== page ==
A Detailed List of Babe Ruth’s 714 Career HR

Babe Ruth's 700th Home Run A 2-run shot off Tommy Bridges in the top of the 3rd in a game against the Tigers at Detroit. Final Score: NY 4 - DET 2.

Babe Ruth’s 700th Home Run.
A 2-run shot off Tommy Bridges in the top of the 3rd in a game against the Tigers at Detroit, July 13, 1934.
Final Score: New York 4 – Detroit 2.

A Detailed List of Babe Ruth’s 714 Career HR

Baseball Reference.com and Baseball Almanac.com are both baseball data reference sites that many of us who love, live, write, read, and breathe the history of the game would hate to live without. They do so much of the work for us in our needs for research and writing. They don’t simply gather information. They each present their material in flexible, usable ways. And they keep up those data files that change multiply each day of the regular season. No longer is it necessary to be totally on the static, time-limited data of MacMillan’s hard copy encyclopedia and then do all the updating manually  by your own time-eating system.

Thank goodness for the digital age.

Let’s say you want to write an article or pursue another book on baseball’s favorite hero-player subject, Babe Ruth, and his career home run journey. The following link should give you everything you need to help decide what else you need to research before you are ready to outline and write your piece. The expansiveness of the available data by year, career, by game box score, by the pitchers involved in 714 instances, and so much more – are all right there for us to use, miss, or dismiss.:


Much of the credit for Baseball Reference.com’s vivid presentation of the Ruth career home run data is systemically connected to much earlier pioneer research and the ability of SABR to convert that earlier work into the SABR Home Run Encyclopedia. Here’s how that relationship is described near the bottom of that very page you have just linked:


About the SABR Home Run Encyclopedia

Much of the data on Baseball-Reference.com’s Home Run Logs comes from the Tattersall/McConnell Home Run Log, a database of all homers hit in the major leagues since 1876. This project was begun in the 1940’s by John C. Tattersall and was continued after Tattersall’s death in 1981 by Bob McConnell, one of SABR’s original 16 members. David Vincent, another SABR member, has since assumed the leadership of the project. Baseball-Reference.com has licensed this remarkable database from the Society for American Baseball Research. All credit for the data therein goes to the intrepid researchers who digitized this data from archival sources.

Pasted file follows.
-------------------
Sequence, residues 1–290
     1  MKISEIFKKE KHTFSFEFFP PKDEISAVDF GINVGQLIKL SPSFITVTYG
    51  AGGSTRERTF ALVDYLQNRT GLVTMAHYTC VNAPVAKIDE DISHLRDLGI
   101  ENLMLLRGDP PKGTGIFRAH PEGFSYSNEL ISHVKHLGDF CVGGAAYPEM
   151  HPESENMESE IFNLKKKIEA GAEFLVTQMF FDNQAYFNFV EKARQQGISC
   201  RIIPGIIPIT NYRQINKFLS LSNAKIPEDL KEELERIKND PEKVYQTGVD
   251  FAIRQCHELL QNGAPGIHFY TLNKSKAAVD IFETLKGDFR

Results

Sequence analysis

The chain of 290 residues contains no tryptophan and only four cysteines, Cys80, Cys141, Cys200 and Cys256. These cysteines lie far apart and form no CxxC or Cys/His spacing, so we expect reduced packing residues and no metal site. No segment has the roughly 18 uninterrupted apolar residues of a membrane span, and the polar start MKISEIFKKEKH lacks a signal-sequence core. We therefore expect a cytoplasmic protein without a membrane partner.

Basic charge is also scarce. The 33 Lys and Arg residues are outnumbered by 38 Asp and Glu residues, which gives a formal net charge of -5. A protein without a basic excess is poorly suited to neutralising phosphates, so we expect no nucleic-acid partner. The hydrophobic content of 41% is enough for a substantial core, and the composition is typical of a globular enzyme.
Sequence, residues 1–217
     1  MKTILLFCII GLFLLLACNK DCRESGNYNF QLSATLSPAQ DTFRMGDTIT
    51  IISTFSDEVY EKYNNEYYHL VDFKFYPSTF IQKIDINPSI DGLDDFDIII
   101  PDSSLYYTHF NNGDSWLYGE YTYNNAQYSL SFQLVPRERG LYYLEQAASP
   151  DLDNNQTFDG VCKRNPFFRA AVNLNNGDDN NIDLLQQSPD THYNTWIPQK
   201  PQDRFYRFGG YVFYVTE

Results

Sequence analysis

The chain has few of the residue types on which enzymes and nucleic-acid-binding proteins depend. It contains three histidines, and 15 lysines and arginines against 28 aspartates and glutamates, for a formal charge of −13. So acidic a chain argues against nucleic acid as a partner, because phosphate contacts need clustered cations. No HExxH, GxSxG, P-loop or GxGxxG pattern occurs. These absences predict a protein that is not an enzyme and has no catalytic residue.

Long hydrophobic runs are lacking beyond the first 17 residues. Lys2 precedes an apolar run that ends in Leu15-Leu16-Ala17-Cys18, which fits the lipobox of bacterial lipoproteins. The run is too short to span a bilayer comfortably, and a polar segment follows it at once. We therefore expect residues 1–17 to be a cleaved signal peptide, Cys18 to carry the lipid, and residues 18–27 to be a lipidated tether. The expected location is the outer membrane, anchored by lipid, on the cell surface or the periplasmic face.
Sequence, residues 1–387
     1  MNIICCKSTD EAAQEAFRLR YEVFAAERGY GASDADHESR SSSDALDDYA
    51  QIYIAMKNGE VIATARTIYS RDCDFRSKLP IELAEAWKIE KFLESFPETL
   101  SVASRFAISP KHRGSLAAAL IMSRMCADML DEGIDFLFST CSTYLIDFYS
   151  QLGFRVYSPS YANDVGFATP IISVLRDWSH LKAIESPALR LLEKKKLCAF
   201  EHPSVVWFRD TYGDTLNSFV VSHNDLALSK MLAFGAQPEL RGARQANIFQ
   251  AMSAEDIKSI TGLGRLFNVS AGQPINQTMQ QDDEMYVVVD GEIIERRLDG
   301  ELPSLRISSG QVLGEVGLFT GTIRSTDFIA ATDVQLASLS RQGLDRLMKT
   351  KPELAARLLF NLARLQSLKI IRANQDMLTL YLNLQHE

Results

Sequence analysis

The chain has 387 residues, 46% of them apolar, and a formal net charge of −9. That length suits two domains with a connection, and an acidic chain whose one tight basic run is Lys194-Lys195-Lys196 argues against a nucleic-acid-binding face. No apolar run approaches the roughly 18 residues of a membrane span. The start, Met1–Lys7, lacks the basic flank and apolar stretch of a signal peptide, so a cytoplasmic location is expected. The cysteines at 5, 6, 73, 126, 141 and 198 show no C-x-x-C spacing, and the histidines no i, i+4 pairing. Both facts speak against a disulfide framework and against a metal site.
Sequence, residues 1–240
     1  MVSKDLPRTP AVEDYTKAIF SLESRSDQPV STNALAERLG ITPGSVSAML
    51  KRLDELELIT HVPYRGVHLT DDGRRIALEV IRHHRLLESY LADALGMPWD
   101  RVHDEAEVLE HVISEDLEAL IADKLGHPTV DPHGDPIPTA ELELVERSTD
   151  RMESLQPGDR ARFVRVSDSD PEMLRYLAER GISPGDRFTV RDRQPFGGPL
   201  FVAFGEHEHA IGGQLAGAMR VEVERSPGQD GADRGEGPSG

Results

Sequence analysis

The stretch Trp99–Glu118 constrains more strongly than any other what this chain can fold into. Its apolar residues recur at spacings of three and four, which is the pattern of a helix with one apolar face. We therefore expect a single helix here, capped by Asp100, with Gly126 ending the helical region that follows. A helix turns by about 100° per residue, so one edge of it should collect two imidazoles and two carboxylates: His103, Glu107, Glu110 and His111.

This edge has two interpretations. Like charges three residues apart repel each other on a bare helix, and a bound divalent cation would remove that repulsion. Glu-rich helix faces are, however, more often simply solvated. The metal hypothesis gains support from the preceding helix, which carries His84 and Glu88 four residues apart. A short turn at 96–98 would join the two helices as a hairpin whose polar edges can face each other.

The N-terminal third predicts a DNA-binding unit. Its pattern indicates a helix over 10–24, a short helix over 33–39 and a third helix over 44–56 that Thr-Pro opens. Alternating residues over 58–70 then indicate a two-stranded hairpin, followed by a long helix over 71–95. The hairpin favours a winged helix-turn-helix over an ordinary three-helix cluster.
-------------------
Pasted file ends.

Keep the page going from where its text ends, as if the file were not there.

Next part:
For years from 1913 to 2016, RetroSheet play-by-play data has been used whenever the home run occurred in a game for which we have complete play-by-play data.

There are a handful of cases where the home run logs totals do not agree with the totals on our player pages. We are working to reconcile all of those differences, but believe that in all cases the Home Run Encyclopedia is correct.

~ Baseball Reference.com notation on page linked above.


Have fun with the Babe Ruth Career Home Run page. And please share with us the questions or observations this data brings to your own minds. We find it almost impossible to go there and not see something that piques our curiosity in a way it never had previously. This time I’m looking at Babe Ruth’s home runs by inning and wondering – What made the 1st inning Babe’s favorite time to go long? He hit 133 homers in the first, but did not achieve triple digit figures in any other stanza, and only once did he hit as many as 94 in the same inning, when he notched those in the 3rd. Maybe it’s as simple as the fact that the 1st inning was the only time in any game that #3 hitter deluxe Babe Ruth was sure to come up. That explanatory guess is supported by the fact that, batting 3rd, he rarely came up to bat in the 2nd inning, where his total for that frame was only 21 over the course of his career.


 Bill McCurdy

Publisher, Editor, Writer

The Pecan Park Eagle


2 Responses to “A Detailed List of Babe Ruth’s 714 Career HR”

  1. Mark W Says:

    For a fascinating chronicle of the distance each of Ruth’s homers traveled, among other data, I can recommend “The Year Babe Ruth Hit 104 Home Runs”, by Bill Jenkinson. While I can’t comment on the quality of the research methods he describes (one way or the other), the book nevertheless was immensely entertaining, and well-illustrated with diagrams, photos and assumed trajectories and distances, and the reader is left with a sense of awe about the unusual strength and/or bat speed Ruth generated. Wait until you see that shot in Detroit that exited the ballpark over the center field stands!

  2. David Munger Says:

    We are always thrown the same comment, guys in that era couldn’t play now. Um,why don’t the Prima Donnas of this era go back and play in the Babe’s era. Trains, no AC, wool uniforms, not very good medical attention for athletes, so so food. It seems the Babe’s era always has to move ahead. OK they would have had the same training, travel conditions, diet, ac , night games and no double headers, medical attention , and Salaries….too bad it’s a moot point.The BBe Rocked……

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